The website Syria Direct reported on protests in January. “Residents of the rebel held city of Rastan in the northern Homs countryside protested Wednesday night to blame traders and local rebel leadership for a three-month long bread shortage, according to video footage of the protests posted on YouTube,” it said in a report published Jan. 8.
“If the regime’s bombs or the cold don’t kill us, these blood traders will — they monopolize the flour and trade in people’s daily food,” Yusuf Shahab, a civilian in Rastan, told Syria Direct.
Flour imports set to jump
Despite low shipments to date, Syria’s imports are forecast to rise sharply, to 700,000 tonnes, due to a drought-affected local harvest and limited domestic milling capacity, the IGC said.
Syria’s wheat flour imports have risen sharply in recent years. In 2011-12, they were 1,000 tonnes, the IGC figures show. They rose to 181,000 tonnes in 2012-13, before reaching 473,000 tonnes in 2013-14.
According to a report published by the Al Arabiya news service at the end of 2013, a combination of insecurity and power cuts reduced Syria’s daily flour output capacity to 3,000 tonnes from 7,700 tonnes since the conflict began in 2011.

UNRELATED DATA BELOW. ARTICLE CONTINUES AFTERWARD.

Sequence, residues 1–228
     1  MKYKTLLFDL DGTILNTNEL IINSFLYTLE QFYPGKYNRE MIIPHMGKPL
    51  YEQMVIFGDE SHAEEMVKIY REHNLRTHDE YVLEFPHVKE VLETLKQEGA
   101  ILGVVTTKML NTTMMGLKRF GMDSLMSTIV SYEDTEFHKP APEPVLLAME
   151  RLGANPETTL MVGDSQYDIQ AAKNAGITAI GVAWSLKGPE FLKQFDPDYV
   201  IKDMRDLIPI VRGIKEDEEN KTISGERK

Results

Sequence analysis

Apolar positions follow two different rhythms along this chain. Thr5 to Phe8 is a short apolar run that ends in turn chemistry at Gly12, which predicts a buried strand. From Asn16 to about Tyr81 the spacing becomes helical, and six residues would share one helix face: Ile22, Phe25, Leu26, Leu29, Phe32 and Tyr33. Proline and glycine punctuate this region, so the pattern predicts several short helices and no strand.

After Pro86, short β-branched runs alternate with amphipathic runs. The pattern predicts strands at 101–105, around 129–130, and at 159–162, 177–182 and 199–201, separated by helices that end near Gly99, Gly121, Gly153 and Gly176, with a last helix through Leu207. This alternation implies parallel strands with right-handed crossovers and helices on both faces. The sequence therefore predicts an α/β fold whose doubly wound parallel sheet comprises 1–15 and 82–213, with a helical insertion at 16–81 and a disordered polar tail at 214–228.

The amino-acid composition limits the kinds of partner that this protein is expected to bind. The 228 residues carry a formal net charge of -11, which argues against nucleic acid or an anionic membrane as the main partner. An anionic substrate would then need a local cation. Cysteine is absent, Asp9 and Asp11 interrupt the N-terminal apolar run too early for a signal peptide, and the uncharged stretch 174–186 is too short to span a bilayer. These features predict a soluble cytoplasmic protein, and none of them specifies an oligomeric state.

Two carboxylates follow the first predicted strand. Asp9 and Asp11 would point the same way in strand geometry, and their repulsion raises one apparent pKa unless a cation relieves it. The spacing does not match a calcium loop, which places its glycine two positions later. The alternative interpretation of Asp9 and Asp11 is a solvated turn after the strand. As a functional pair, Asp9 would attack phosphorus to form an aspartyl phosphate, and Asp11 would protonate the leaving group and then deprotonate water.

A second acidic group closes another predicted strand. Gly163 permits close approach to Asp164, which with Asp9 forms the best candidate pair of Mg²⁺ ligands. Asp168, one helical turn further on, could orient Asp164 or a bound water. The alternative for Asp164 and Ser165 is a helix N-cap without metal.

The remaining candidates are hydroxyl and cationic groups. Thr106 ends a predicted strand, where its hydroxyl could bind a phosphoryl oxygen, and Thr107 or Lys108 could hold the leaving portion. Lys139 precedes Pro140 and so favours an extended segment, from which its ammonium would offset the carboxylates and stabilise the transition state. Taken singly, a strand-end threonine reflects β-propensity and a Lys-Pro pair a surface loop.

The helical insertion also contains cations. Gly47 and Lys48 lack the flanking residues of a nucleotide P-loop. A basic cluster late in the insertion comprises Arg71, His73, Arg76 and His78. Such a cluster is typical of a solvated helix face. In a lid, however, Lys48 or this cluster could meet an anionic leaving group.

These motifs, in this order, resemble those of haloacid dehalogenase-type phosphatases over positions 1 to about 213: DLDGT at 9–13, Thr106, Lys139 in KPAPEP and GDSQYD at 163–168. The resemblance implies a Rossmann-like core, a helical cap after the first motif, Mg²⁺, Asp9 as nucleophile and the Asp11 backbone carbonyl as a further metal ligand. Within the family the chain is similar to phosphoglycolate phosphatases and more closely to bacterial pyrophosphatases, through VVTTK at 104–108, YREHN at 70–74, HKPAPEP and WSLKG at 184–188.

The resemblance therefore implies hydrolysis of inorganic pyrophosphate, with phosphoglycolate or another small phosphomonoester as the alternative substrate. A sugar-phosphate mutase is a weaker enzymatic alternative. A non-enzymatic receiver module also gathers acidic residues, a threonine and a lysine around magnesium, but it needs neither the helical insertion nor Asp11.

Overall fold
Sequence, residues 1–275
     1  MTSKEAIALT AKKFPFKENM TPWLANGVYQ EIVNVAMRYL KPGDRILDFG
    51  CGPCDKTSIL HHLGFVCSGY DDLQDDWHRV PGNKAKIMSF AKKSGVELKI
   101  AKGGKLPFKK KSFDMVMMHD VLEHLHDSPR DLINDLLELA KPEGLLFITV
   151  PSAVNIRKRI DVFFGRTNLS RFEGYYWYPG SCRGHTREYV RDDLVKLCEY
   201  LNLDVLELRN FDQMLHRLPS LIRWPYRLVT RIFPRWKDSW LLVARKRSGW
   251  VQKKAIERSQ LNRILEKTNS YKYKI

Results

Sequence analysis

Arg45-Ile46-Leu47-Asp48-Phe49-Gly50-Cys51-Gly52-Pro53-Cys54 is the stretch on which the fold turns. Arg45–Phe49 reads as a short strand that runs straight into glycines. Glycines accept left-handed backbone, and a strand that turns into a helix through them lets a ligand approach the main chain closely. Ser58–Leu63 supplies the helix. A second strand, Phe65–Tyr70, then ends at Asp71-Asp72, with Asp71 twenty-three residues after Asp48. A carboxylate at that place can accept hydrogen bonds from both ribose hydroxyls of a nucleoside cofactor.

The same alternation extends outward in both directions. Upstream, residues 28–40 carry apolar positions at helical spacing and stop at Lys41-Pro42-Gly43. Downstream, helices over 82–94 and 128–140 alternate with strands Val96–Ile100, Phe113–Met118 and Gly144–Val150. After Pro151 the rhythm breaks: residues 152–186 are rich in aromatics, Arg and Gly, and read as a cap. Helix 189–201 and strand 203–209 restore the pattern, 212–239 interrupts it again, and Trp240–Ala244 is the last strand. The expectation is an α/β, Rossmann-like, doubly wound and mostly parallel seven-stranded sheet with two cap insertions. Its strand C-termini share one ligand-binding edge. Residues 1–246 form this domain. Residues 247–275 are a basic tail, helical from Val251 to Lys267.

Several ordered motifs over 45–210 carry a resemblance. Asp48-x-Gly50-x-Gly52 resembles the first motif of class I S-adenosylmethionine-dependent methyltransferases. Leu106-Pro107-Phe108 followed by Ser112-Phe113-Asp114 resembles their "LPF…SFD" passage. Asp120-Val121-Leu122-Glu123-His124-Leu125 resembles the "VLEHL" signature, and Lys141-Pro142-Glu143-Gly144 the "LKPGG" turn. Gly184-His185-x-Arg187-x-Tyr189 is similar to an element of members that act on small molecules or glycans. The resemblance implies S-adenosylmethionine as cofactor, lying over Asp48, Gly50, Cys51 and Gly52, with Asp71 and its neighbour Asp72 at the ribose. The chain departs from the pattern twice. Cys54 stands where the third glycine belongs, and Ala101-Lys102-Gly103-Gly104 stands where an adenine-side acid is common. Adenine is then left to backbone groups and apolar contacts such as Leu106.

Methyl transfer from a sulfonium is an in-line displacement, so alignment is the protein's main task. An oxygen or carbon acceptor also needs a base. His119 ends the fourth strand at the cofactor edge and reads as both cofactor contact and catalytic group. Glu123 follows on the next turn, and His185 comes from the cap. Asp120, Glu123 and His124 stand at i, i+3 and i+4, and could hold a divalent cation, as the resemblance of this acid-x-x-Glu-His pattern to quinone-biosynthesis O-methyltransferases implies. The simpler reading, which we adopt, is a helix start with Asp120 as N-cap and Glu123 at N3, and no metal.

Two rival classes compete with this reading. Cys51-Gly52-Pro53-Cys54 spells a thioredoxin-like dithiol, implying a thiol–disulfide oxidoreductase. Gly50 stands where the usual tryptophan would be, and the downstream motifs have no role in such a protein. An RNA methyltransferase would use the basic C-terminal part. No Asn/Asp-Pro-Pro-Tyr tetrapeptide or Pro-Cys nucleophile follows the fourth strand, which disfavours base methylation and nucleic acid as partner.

“Importing flour places many burdens on the government. It’s not easy to be a flour importer,” Prime Minister Wael al-Halqi told parliament.
Al Arabiya said that Syria had struggled to buy flour and grain through tenders, partly because of U.S. and E.U. sanctions. “The sanctions do not cover food, but those on banking, in addition to asset freezes, have made tenders difficult,” the report said.
The prime minister put daily demand for flour at about 6,110 tonnes and said that many of Syria’s 57 flour mills had gone out of operation and were facing problems “in securing electric power and oil derivatives to run off generators.”
Other difficulties included “the unsafe conditions for transferring wheat to and from the mills and mill workers’ difficulty in reaching their workplaces.”
“Sometimes the difficulties in securing flour is what leads strategic reserves to reach low levels and and vary from one province to another,” Halqi said.